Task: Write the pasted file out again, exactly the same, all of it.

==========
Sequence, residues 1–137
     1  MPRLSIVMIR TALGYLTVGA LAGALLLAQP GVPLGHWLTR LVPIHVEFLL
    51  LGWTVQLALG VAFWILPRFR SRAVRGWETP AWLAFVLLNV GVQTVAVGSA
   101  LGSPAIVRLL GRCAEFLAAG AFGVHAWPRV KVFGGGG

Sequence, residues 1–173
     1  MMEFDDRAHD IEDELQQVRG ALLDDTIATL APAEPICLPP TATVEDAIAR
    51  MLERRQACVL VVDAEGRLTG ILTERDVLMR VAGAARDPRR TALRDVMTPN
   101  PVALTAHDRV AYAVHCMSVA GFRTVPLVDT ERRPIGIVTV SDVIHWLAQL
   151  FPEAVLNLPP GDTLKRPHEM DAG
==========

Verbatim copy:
Sequence, residues 1–137
     1  MPRLSIVMIR TALGYLTVGA LAGALLLAQP GVPLGHWLTR LVPIHVEFLL
    51  LGWTVQLALG VAFWILPRFR SRAVRGWETP AWLAFVLLNV GVQTVAVGSA
   101  LGSPAIVRLL GRCAEFLAAG AFGVHAWPRV KVFGGGG

Sequence, residues 1–173
     1  MMEFDDRAHD IEDELQQVRG ALLDDTIATL APAEPICLPP TATVEDAIAR
    51  MLERRQACVL VVDAEGRLTG ILTERDVLMR VAGAARDPRR TALRDVMTPN
   101  PVALTAHDRV AYAVHCMSVA GFRTVPLVDT ERRPIGIVTV SDVIHWLAQL
   151  FPEAVLNLPP GDTLKRPHEM DAG